Nuffield contemporary scholars conference
So what is the Nuffield CSC? I am sure that is the first thing most are asking. Contemporary Scholars Conference which is where all the 2015 scholars from around the world meet up, learn, challenge and socialise. The last couple of CSCs have been in Australia and Canada, so when I found out our was a short train journey away in Rheims, I admit to being a little disappointed. Then I found out Rheims is the centre of the Champagne region and I cheered up!
So what is the Pre-CSC? This is where the UK scholars spend a few days together learning, challenging and socialising – you get the idea. Our Pre-CSC started at the NFU conference in Birmingham, then three days in London. One morning visiting the Houses of Parliament and Baroness Byford.
After London, where we had excellent talks and workshops with people such as Sir Peter Kendall and Allan Wilkinson of HSBC, we moved to Brussels where we were hosted by the NFU. In Brussels we learnt about the structure of the EU and had a chance to look around the parliament buildings.
When we got to Rheims we were welcomed by our French hosts with a Champagne reception – yes, I know, life is tough! That was the start of the CSC official. A week of early mornings, lectures, visits and late nights. One such visit was to an ethanol and sugar beet refinery. This is owned by a farmers’ co-op (9,300 members) and also has a state of the art research centre too. Amazing what farmers can do when they get together!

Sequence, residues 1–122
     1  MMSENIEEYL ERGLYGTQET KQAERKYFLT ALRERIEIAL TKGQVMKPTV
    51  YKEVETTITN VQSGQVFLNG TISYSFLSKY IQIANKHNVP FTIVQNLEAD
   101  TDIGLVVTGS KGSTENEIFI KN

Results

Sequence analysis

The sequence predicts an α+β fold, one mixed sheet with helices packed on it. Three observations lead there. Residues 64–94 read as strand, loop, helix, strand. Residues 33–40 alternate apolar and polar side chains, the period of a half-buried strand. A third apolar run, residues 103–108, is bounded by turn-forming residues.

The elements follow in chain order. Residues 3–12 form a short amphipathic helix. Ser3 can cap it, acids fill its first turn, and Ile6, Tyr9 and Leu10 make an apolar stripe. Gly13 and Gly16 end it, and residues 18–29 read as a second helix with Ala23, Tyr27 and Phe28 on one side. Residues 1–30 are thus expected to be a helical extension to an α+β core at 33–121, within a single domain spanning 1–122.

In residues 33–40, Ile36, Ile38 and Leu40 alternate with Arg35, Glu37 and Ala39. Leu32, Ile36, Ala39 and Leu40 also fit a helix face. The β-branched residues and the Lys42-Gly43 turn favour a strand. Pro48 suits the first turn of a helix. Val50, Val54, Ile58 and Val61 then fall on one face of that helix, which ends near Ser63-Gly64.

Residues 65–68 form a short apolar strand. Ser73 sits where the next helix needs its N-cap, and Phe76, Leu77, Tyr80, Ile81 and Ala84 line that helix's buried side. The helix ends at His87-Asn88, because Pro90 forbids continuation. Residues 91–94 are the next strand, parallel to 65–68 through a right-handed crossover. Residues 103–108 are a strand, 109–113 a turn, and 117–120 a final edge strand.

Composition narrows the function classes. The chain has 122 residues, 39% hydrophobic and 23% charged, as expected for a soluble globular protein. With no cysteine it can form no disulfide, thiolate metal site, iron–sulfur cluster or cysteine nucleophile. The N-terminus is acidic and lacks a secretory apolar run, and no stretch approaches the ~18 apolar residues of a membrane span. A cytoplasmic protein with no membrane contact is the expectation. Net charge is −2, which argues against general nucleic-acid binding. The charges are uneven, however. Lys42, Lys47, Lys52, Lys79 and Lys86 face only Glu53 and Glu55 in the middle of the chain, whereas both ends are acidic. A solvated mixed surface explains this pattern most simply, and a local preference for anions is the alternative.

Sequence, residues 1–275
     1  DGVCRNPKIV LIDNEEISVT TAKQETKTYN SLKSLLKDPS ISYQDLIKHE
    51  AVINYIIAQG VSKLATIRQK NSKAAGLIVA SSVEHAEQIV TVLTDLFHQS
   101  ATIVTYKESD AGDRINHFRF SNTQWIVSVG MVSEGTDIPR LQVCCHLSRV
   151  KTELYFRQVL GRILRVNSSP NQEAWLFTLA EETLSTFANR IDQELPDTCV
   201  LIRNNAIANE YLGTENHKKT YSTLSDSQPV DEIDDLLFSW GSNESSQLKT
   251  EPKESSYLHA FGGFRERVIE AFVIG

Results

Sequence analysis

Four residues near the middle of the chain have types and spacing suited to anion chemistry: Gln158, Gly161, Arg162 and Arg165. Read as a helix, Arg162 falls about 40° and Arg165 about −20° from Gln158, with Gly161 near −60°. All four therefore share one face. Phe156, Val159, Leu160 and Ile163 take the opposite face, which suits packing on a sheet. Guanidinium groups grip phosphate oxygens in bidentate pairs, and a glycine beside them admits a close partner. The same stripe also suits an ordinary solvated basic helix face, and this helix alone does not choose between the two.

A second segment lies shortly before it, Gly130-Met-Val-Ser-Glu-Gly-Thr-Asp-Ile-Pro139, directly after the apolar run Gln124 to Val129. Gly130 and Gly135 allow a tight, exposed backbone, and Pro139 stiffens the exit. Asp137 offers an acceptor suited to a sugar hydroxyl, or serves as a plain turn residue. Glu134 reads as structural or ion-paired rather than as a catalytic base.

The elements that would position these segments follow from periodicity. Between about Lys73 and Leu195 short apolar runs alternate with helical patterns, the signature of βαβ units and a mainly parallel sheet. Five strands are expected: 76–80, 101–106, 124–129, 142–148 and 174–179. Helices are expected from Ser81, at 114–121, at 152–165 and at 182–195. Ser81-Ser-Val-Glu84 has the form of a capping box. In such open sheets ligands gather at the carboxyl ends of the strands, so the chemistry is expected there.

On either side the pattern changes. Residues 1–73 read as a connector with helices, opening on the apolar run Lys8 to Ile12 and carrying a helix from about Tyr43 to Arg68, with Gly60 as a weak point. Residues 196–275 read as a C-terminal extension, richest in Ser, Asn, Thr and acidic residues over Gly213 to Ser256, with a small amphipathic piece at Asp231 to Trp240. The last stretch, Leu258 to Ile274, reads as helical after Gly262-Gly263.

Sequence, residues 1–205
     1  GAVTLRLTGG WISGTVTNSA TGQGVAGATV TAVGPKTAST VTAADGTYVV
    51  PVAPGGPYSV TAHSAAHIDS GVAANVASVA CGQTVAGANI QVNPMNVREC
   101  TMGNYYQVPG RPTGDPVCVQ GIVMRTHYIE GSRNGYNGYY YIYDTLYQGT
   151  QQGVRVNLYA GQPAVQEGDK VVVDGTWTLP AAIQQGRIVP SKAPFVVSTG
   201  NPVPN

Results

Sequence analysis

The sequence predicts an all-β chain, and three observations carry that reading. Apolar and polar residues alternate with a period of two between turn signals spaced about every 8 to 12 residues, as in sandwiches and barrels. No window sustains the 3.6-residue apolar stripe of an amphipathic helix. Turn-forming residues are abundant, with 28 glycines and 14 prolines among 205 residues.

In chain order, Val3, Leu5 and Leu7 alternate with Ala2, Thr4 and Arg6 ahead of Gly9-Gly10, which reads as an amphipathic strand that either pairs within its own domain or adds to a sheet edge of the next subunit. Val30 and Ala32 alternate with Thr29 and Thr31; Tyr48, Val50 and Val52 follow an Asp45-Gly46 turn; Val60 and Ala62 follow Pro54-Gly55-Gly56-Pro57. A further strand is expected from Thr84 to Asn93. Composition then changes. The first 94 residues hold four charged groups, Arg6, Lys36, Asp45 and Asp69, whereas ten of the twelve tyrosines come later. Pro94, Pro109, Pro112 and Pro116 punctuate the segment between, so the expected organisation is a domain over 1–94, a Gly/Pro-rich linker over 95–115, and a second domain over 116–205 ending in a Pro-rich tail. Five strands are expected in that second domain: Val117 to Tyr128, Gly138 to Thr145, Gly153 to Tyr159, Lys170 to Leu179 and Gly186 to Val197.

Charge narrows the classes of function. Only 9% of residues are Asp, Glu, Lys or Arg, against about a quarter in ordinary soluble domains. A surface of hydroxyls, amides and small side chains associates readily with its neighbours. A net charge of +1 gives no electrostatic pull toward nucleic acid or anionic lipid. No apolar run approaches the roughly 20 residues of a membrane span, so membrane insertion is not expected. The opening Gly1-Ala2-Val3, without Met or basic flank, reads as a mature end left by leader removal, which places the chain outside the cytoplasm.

For another visit the group was split into two. One half went to the huge Moet and Chandon headquarters with 1,200ha of vineyards (£500,000/ha), robots working in the bottling plant and the other half (myself) went to an 11ha family run vineyard, Vazart Copquart. An excellent afternoon learning about the bureaucracy of Champagne and also trying some of the local tipple.
We had a lot of excellent talks by speakers such as Frederic Thomas, who tried to convince some Aussie farmers the benefits of cover crops. Other talks were on communication and leadership skills.
There were also talks on global agriculture, French agriculture and the CAP.
I know it might sound like a bit of a jolly but it was also hard work. Lectures starting at 8am and finishing at 6pm with little time for lunch. Getting to know 75 fascinating people from 12 different countries from around the world: all have interesting and varied backgrounds and points of view, so this was a fascinating opportunity. So, after some very early mornings, long days and late nights, our heads were buzzing with new ideas, new friends and new opportunities.